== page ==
- The profit-driven model of drug development is not suited to developing essential health tools for neglected diseases.
- Current regulatory practices are poorly adapted to assessing the therapeutic advances of new drugs, vaccines and diagnostics for neglected diseases.
- Higher levels of intellectual property protection have not resulted in increased drug R&D for global health needs.
In the last few years, this health challenge has spurred global awareness and some commitment from the international community. A number of developing countries have been strengthening their capacity for new health technologies, and their role will be increasingly critical. Not-for-profit entities have been established to accelerate innovation for neglected diseases. They are beginning to build a pipeline of projects in response to the real needs of neglected patients. These product development partnerships act as ÒvirtualÓ laboratories, working collaboratively with public research institutes, universities, and pharmaceutical and biotechnology industries. However, the majority of these entities are mainly funded by philanthropic organizations and individual donors. The response remains insufficient with only marginal involvement by wealthier governments.
There is an urgent need to correct the fatal imbalance of the current drug development model. Governments must take responsibility for global public health.
New models and financial mechanisms must be pursued. Determined policy action is needed to direct health-needs driven R&D and harness collaborative R&D initiatives. This will ensure that initial progress is translated into improved, affordable and field-adapted drugs and diagnostics that can reach patients most in need.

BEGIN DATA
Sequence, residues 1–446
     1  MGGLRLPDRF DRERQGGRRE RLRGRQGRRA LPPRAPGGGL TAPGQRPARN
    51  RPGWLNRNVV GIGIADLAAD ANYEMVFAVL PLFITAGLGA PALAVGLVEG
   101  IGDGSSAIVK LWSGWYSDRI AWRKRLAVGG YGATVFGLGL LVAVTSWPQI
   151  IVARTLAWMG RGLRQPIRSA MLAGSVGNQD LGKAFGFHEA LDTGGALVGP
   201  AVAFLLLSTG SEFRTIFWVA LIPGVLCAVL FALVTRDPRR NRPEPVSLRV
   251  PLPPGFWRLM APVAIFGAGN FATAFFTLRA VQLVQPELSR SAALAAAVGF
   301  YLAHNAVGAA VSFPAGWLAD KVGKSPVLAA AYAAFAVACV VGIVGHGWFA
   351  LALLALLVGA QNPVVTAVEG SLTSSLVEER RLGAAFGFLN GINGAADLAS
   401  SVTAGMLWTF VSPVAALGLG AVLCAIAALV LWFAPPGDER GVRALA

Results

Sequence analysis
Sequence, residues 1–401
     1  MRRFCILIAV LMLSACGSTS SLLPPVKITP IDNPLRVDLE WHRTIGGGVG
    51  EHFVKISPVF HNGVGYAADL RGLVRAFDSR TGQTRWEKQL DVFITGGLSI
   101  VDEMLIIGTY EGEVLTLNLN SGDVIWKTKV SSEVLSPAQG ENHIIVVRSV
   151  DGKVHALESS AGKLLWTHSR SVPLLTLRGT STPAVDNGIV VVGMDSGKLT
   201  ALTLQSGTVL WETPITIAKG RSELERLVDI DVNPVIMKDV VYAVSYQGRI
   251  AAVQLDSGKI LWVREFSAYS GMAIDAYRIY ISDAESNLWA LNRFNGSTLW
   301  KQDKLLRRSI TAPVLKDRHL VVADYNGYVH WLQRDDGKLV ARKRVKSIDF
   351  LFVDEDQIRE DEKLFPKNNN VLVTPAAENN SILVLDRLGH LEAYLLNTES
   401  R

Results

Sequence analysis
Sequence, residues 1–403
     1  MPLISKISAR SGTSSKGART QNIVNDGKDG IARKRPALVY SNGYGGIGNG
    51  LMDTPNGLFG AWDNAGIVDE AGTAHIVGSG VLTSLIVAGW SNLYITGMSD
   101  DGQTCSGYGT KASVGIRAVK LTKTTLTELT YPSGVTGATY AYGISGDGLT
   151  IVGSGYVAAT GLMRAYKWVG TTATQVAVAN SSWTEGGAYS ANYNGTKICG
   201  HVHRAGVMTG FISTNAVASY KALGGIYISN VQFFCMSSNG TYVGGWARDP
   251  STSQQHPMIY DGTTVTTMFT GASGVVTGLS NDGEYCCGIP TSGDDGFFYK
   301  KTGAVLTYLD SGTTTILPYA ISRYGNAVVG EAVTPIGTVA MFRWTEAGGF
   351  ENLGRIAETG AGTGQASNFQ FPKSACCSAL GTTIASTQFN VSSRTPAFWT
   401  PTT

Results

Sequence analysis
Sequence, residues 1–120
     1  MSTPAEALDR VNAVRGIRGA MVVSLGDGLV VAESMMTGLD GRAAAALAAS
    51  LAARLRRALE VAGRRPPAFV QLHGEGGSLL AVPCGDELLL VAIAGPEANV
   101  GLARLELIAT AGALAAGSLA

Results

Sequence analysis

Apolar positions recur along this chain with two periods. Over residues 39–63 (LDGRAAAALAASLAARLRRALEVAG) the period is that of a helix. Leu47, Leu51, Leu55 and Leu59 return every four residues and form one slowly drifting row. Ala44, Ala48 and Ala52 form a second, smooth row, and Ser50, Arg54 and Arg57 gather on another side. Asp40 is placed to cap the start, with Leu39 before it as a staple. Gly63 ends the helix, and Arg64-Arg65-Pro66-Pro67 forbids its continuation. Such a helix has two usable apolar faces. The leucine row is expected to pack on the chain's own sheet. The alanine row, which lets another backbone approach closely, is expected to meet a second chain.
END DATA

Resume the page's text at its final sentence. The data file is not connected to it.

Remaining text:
We urge governments to provide
- Political leadership - Make global health and medicines a strategic sector and set R&D priorities according to the needs of patients. Only then can the world achieve the Millennium Development Goals that envision - among other things - significant progress in combating HIV/AIDS, tuberculosis, malaria and other neglected diseases.
- Sustained financial support - Governments, rich and poor, as well as inter-governmental organisations should provide, on a sustainable basis, US$ 3 billion a year needed to reach an appropriate level of health research for diseases of the poor. To secure long-term success, funding mechanisms should be designed.
- New rules to stimulate essential health R&D - Redirecting today's knowledge and scientific expertise to neglected needs will mean a substantial shift in the way essential health products are valued, financed and made available. A new enabling framework should include access to knowledge, chemical compounds, and research tools protected by intellectual property rights. Technology transfer and research capacity strengthening in disease-endemic countries should be at the heart of the endeavour. In addition, regulatory approval processes must be streamlined in order to rapidly deliver essential medicines to patients. The risks and benefits of each drug or vaccine must be assessed in relation to the needs of patients, the severity of the disease, and available treatments and vaccines.
Without bold, new steps, disease will continue to ravage the developing world, with global consequences. Governments should act NOW.
- Paulo Buss (President, Oswaldo Cruz Foundation , Brazil)
- Nirmal K. Ganguly ( Indian Council of Medical Research, India);
- Rowan Gillies (President, Médecins Sans Frontières International);
- Richard Jefferson (Director, BIOS Initiative , Australia);
- Davy Koech (Director, Kenya Medical Research Institute , Kenya);
- Philippe Kourilsky (Director General, Institut Pasteur , France);
- Ismail Merican (Director General, Ministry of Health, Malaysia );
- Barbara Stocking (Director, Oxfam GB)
Nobel Prize Laureates
- Pierre-Gilles de Gennes ( Physics 1991);
- Shirin Ebadi ( Peace 2003);
- Adolfo Perez Esquivel ( Peace 1980);
- Dario Fo ( Literature 1997);
- Nadine Gordimer ( Literature 1991);
- Roger Guillemin (Physiology or Medicine 1977);
- José Ramos Horta ( Peace 1996);
- Mairead Corrigan Maguire ( Peace 1976);
- Médecins sans Frontières ( Peace 1999);
- Rigoberta Menchú Tum ( Peace 1992);
- Sir Paul M. Nurse (Physiology or Medicine 2001);